• Anemia — When your body doesn’t produce enough red blood cells, you have less oxygen in your blood. This can lead to fatigue, headaches, weakness, and potentially chills.
  • Infections — Infections, particularly those associated with the onset of fever, can trigger chills. Sometimes the chills occur before the fever develops.
  • Menopause — In menopause, a person’s hormones undergo changes. Temperature changes are common during menopause, including hot and cold flashes.

Medication Side Effects

Some prescription medications have side effects that include chills. These include medicines used to treat lupus. Known culprits include:

  • Corticosteroids, such as prednisone
  • Monoclonal antibody therapies, including belimumab (Benlysta)
  • Immunosuppressants, including methotrexate

If you’re experiencing chills without an obvious cause, it’s important to contact your doctor. They can perform a thorough evaluation and conduct relevant tests to help identify the underlying cause of your symptoms. Once your doctor determines the root cause, they can initiate appropriate treatment to address the specific condition contributing to the chills.

Treating Chills

Living with chills — even without a fever — can be physically uncomfortable. Fortunately, there are several ways to manage the symptom.

Change the Temperature

To alleviate chills, consider adjusting your surroundings. Some people choose to reside in moderate climates to minimize symptom aggravation. Alternatively, you can regulate the thermostat at home or avoid going outside during extreme temperatures. One MyLupusTeam member shared that they wear a “heated jacket powered by a rechargeable battery” to help with their chills.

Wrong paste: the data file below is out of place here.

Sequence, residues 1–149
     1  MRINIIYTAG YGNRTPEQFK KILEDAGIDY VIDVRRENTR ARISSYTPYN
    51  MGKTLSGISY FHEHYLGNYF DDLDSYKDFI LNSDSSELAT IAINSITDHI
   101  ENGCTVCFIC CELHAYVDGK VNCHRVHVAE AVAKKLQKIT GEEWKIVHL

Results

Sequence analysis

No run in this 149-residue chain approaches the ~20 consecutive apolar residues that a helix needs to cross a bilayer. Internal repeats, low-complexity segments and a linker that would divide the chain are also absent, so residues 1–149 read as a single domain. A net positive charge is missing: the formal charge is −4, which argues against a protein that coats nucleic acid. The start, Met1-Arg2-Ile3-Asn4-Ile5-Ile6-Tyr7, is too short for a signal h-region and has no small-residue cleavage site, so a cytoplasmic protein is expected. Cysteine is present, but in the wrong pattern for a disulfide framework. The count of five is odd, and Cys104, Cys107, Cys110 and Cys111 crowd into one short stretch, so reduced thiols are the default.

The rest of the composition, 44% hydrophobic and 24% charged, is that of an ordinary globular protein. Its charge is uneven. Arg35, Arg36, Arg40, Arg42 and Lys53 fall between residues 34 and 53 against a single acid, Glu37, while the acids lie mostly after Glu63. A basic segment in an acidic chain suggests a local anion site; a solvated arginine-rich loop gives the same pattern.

Over-the-Counter Medications

You may consider using over-the-counter medications if your chills are related to an illness like the flu. Acetaminophen (Tylenol) and nonsteroidal anti-inflammatory drugs (NSAIDs) like ibuprofen and naproxen can help alleviate discomfort associated with chills and other lupus symptoms.

Even though NSAIDs are over-the-counter medications, it’s best to consult a doctor before using them — especially if you have an underlying condition like lupus. They can provide proper guidance, taking into account your specific health situation and any other medications you may be taking.

Talk to Your Doctor

If you experience chills often without a fever, consult your doctor. It might be a sign of infection or an impending lupus flare that needs medical attention. Your doctor will be the best resource to help you figure out what’s going on. They will administer appropriate tests and guide you in addressing the root cause to relieve your symptoms.

Get Support From Your Team

On MyLupusTeam, the social network for people with lupus and their loved ones, more than 223,000 members come together to ask questions, give advice, and share their stories with others who understand life with lupus.

Have you experienced chills without a fever? What did you do to alleviate your symptoms? Did you work with a doctor to figure out what was driving the symptom? Share your experience in the comments below, or start a conversation by posting on your Activities page.

    Posted on July 14, 2023
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    Prakruthi Jaladhar, M.D., DNB completed her medical education at Mysore Medical College, followed by an internal medicine residency at Kempegowda Institute of Medical Sciences (KIMS) in Bangalore. Learn more about her here.
    Hannah Actor-Engel, Ph.D. is a multidisciplinary neuroscientist who is passionate about scientific communication and improving global health through biomedical research. Learn more about her here.